The Subtle Art of Browbeating & Naysaying

Bullying in the workplace will be made illegal across Australia soon; however, I don’t believe that bullying is the only real issue here. It is not unlawful and will never be to subtly browbeat or naysay. I think this misbehavior will only grow as overt bullying is made illegal.

Everyone knows that explicit bullying is wrong and considered misbehavior, and it is pretty hard to get away with it nowadays. In my opinion, subtle browbeating or micro-bullying is much more common. I bet you don’t even know when you are doing it, and yes, we all have done it before. No one’s perfect.

Browbeating and Naysaying Examples:

  • “How did you even get hired here?”
  • “Here we go again, been there done that.”
  • “I’ve been in this field for over 20 years…”
  • “Erk! Really Einstein! We’ve heard all this before.”
  • “You’ll never be able to do this. It’s too difficult for you.”
  • “You’re always making mistakes. Can’t you do anything right?”
  • “If you can’t handle this, maybe you’re just not cut out for the job.”
  • “You’re a troublemaker and will be stirring up a hornet’s nest…!”
  • “Don’t rock the boat!”
  • “That will never work. It’s too complicated.”
  • “You’re wasting your time trying to do that.”
  • “Why even bother? It’s not worth the effort.”
  • “That’s a terrible idea. It’s bound to fail.”

What is wrong with these, you might ask? They may be right in their predictions, but they are still subtly browbeating in my book. Why? Because of the following signs:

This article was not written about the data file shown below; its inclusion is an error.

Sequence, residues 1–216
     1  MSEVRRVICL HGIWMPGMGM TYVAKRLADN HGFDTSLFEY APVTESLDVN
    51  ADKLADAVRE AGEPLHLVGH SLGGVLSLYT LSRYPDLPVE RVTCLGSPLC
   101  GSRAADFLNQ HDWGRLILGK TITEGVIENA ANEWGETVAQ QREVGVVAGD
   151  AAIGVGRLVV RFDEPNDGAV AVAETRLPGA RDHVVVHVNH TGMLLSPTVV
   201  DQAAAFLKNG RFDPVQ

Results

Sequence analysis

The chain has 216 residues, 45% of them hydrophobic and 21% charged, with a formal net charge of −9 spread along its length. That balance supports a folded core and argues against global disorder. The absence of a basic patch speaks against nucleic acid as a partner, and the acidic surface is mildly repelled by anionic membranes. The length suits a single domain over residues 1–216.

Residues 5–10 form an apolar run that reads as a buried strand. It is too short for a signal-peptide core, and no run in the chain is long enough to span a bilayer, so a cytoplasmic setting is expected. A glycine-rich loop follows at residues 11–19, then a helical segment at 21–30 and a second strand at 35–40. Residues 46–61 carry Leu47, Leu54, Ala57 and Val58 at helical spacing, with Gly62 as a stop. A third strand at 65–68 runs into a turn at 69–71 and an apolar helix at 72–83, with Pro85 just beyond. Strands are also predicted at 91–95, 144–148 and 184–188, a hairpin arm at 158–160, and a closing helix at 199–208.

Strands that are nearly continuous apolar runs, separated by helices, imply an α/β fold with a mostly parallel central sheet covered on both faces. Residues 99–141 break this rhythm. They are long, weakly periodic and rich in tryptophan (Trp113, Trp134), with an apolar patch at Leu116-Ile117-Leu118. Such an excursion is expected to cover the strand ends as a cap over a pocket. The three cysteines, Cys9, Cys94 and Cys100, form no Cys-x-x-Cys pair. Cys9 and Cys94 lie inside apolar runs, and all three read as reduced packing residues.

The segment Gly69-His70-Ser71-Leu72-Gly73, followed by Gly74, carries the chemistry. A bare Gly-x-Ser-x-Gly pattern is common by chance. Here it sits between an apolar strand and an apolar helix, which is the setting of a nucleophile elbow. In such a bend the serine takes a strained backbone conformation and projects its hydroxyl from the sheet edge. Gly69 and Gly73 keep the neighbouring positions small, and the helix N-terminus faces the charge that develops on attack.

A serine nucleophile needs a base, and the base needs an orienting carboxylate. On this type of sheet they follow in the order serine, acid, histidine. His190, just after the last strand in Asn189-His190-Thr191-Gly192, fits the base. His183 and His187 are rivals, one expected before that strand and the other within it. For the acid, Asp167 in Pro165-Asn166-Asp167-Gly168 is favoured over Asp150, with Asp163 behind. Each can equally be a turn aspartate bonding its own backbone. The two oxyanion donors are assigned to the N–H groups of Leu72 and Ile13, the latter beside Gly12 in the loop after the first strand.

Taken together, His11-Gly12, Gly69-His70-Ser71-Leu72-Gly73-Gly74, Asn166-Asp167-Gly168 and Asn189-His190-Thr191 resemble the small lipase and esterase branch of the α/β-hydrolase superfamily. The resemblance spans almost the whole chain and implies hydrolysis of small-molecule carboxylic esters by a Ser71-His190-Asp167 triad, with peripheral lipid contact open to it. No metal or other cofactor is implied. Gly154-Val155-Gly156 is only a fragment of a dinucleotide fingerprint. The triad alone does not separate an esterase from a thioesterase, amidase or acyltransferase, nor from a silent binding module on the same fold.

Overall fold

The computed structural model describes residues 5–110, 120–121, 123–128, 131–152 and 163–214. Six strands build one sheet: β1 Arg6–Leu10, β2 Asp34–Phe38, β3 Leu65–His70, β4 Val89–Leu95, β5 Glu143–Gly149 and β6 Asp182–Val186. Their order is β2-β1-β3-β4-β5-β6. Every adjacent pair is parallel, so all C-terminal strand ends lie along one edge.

Subtle signs to look out for:

  • Labeling or name calling.
  • Being dogmatic using exclamations while being “oh-so-right”.
  • Use of absolute language.
  • Telling others how they should behave.
  • Slightly raised tone and volume in their delivery.
  • Failure to emphasize its only their opinion.
  • Use of rhetorical questions.
  • Little or no reasoning or rational is used to back up their case.

My solution is to use a real-time intervention toolkit called SpatzAI that protects individual team members in real-time and direct from this subtle browbeating misbehavior.

Once agreed to by all the team and management, it is activated by using a verbal caution prompt when one spots the signs (we can intuitively feel when we are being browbeaten). If unresolved, then sending them an official objection for their misbehavior using the Spatz three-step intervention app, Spatz Peer Review Network and using the Spatz AI to collate and monitor the data.

But already there may be some of you reading this using browbeating and naysaying thinking in your mind right now, ha!

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